Planting For The Future

Planting For The Future

By Judy Baehr

Hints for the Vegetable-Challenged

vegetable carrot

 

My husband’s views in this regard, while nobly defending the male viewpoint on eating vegetables, may have caused some misconceptions. Thus, I am going to go back to the question I once posed:

Why is the color of your vegetables important? The true answer is that strongly colored vegetables—the darkest green, the richest red, the brightest orange—have the most antioxidants and vitamins to help you stay young and healthy and avoid cancer and other maladies.

When we were growing up, the value of vegetables was not very well proven. We just had to follow our mothers’ advice. But today, scientific studies are determining just what compounds in vegetables protect our health, and why. For example, researchers recently studied men who had pre-cancerous lesions that increase prostate cancer risk. They split them into two groups and one group had to eat four servings of either broccoli or peas each week for a year, while the other group ate their usual mashed potatoes.

Wait a minute, I know what you are thinking! You non-believers are saying to yourselves, “There are worse things than prostate cancer, and one of them is eating broccoli and peas for a year.” But the results were worth it! The researchers learned that men who ate broccoli showed hundreds of changes in genes known to play a role in fighting cancer. And more good news: the benefit would likely be the same in other vegetables containing a compound called isothiocyanate, including brussel sprouts, cauliflower, cabbage, arugula, watercress and horseradish!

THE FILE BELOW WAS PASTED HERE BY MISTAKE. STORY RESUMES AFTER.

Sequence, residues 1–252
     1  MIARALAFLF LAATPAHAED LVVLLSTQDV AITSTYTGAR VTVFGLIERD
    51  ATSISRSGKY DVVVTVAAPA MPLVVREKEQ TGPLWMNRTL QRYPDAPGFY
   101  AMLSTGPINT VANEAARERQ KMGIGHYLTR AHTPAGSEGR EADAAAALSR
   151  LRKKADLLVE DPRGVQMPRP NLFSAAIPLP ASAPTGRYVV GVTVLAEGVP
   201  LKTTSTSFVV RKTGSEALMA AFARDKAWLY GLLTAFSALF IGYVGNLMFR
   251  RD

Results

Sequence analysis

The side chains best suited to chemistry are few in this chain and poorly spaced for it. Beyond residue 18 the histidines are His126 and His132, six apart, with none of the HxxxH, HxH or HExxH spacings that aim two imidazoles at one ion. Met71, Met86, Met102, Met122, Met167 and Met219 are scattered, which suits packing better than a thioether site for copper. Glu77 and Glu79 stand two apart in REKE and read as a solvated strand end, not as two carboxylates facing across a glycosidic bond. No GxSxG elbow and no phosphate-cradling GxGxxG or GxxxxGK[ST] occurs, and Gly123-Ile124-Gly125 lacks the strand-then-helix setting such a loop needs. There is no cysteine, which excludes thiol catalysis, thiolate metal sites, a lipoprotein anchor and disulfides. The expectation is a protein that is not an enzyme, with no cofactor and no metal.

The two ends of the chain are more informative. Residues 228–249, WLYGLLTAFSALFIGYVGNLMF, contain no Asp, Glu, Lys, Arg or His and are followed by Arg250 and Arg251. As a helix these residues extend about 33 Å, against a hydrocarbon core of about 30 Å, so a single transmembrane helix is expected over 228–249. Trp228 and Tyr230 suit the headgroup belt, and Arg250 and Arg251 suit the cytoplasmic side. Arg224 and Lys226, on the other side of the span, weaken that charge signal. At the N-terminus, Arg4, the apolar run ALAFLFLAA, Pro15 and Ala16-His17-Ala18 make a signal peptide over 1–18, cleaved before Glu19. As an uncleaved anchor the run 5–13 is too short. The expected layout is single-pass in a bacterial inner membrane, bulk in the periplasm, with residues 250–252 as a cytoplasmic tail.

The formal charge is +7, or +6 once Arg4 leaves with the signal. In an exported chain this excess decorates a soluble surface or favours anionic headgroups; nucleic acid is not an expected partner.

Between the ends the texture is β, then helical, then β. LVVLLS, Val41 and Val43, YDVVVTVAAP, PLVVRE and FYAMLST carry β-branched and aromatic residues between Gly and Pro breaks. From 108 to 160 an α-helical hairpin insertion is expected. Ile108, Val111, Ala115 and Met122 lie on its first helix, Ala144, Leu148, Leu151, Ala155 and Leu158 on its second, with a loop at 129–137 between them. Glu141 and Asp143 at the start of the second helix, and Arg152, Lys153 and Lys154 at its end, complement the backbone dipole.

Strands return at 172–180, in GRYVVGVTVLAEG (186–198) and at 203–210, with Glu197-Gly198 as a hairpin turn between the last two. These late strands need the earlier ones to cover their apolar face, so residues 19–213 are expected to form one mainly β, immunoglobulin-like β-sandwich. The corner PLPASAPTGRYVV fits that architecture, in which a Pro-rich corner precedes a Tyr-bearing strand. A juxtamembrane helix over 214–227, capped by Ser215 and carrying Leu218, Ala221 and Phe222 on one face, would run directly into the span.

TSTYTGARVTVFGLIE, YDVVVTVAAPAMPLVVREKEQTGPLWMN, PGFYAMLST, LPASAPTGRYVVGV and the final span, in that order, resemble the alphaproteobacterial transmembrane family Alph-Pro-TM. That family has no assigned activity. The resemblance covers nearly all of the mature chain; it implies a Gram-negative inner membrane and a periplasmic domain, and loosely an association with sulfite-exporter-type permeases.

(My husband wishes to note that having a Bloody Mary would give you horseradish, tomato juice and celery, which counts as three vegetables. So if you have more than one Bloody Mary at brunch, you’ve more than fulfilled your FDA daily requirement of vegetables!) All vegetables are good for you, but some offer more nutrients than others. Why not eat the ones that really count? A recent article entitled “The 11 Best Foods You Are Not Eating” by nutritionist and author Johnny Bowden emphasized several vegetables you can add to your diet for extra points:

Beets: “Think of them as red spinach,” suggested the author, because they are a rich source of folate and natural red pigments that may fight cancer. (My husband wishes to note that thinking of something as spinach does not improve its allure for him.)

Swiss chard: It’s packed with carotenoids that protect aging eyes. Try sautéing swiss chard in olive oil and garlic.

Purslane: Known in Mexico as verdolagas, purslane is among the best natural sources of omega-3 fatty acids, as well as carotenes and vitamin C. If you don’t like cooked greens because they are bitter and mushy, try purslane. It stays crunchy when lightly sautéed and has a mild peppery taste. For a salad, just pick the delicate tips and toss them with oil and vinegar.

A closing note in the interests of balanced reporting: The U.S. maker of Twinkies, Wonder Bread, Hostess Ding Dongs and Drake’s Cakes has emerged from bankruptcy. My husband gave me the clipping.

 

Ojo Del Lago
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